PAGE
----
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Well-Heeled Now, Hobbled Later

Blame High Heels: More Women Than Men Have Surgery for Bunions and Other Painful Foot Ailments

June 01, 1998|SUSAN OKIE | WASHINGTON POST

Doctors have determined that high heels can be hazardous to your health.

For several years, foot surgeons have been warning women that wearing shoes with high heels and narrow toes can lead to painful and often-permanent foot deformities. Now, a study has found the first evidence that high-heeled shoes may also contribute to knee arthritis in women.

Meanwhile, a group of surgeons took their pro-foot campaign a step further, announcing results of extensive tests of comfort, fit and flexibility that were performed on 11 shoe styles they found to be the most popular among working women.

The group, the American Orthopaedic Foot and Ankle Society, awarded a seal of approval, similar to the American Dental Assn. seal that often appears on tubes of toothpaste, to four styles that passed all the tests. They're not revealing which shoes failed.

"We're not trying to identify bad shoes," said Cherise Dyal, an assistant professor of orthopedic surgery at New York's Albert Einstein College of Medicine. "Our goal is to educate women on how to buy shoes appropriately . . . to prevent problems and pain."

For many women, painful and misshapen feet are the ultimate cost of a long-term love affair with high-heeled shoes. In the United States, women visit orthopedic surgeons for foot problems four times as often as men, and they undergo about 87% of operations performed to correct acquired foot deformities, such as bunions and hammer toes. In societies where people go barefoot or wear flat sandals, acquired foot deformities in adults are rare, and their frequency is the same in both sexes.

The deformities that often develop after years of wearing high-fashion pumps are similar to foot problems that had been seen in Chinese women whose feet were bound by their parents, said Michael J. Coughlin, a clinical professor of orthopedics at Oregon Health Sciences University who practices in Boise, Idaho.

When the feet of such Chinese women were X-rayed, "the deformities were not in the bones at all. They're just in the joint," Coughlin said. "Women of today . . . are achieving the same thing. They're causing these joint deformities by binding their feet in constricting footwear."

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Problems tend to develop in the front half of the foot (the forefoot) and include bunions, hammertoes or claw toes, and bunionettes, conditions common in middle-aged and older women that often require corrective surgery.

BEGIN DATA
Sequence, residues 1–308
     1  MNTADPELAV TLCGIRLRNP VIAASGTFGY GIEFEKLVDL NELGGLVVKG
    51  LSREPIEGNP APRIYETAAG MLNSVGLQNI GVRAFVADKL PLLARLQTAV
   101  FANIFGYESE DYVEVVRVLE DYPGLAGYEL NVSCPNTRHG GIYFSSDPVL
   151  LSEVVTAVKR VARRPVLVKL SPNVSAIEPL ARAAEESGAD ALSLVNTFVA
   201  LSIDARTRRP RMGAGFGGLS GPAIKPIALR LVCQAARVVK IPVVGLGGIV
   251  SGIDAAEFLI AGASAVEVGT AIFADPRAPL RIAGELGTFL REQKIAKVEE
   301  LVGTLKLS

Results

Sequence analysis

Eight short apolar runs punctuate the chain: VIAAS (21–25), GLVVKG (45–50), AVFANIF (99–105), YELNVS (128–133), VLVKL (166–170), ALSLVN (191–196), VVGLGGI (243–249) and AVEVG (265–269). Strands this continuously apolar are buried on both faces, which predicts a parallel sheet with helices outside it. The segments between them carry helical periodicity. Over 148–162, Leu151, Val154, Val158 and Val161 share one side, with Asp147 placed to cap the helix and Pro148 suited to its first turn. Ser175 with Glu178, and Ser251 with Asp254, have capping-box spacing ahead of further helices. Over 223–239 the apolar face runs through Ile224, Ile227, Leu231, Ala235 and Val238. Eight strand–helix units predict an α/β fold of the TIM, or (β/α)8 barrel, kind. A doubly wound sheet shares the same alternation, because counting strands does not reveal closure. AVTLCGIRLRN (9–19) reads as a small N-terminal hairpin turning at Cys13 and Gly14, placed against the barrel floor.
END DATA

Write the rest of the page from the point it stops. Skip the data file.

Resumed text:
A bunion is a bump or enlargement on the inner side of the foot, at the base of the big toe. A bunionette is a similar enlargement on the outer side, at the base of the smallest toe. Hammertoes and claw toes are deformities in which the toe curls and its joints protrude upward, often rubbing against a shoe and causing painful corns.

Foot structure, heredity and the elasticity of ligaments can predispose some people to such deformities. But narrow, pointed shoes and high heels also contribute, by compressing the toes and increasing force on the forefoot during standing and walking. With a 3 1/4-inch heel, pressure on the forefoot is more than seven times greater than with a flat shoe.

Coughlin analyzed 3,000 surgeries for forefoot deformities performed in his Boise practice during a 15-year period and found that 87% were done on women's feet. Women had 94% of the bunion surgeries, 90% of bunionette surgeries, 81% of hammertoe surgeries, and 89% of surgeries for neuromas, a painful thickening of a nerve that runs between two toes.

Surgery can improve such foot deformities but usually can't restore the foot completely to normal, said Michael W. Bowman, a foot and ankle surgeon who is chairman of the AOFAS Orthosis and Footwear Committee. "I tell patients up front, 'You can't expect to have surgery and go back and wear this type of shoe,' " he said.

In addition to choosing unhealthy shoe styles, women frequently buy shoes that are too narrow for their feet, according to a 1993 survey by the AOFAS.

Of 356 women who responded to the survey and had their feet measured, 88% were wearing shoes that were too narrow, by an average of one-half inch. Most women's feet are between 3 1/4 inches and 3 3/4 inches wide, Coughlin said, but fashion shoes are usually only 3 inches wide.

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New evidence, published in May in the British medical journal the Lancet, suggests that high heels are also bad for women's knees. D. Casey Kerrigan, an assistant professor at Harvard Medical School who specializes in physical medicine and rehabilitation, used special laboratory equipment to analyze the forces that were generated in the knees of 20 healthy women while walking in high-heeled shoes. The research subjects, whose average age was 35, habitually wore high heels.

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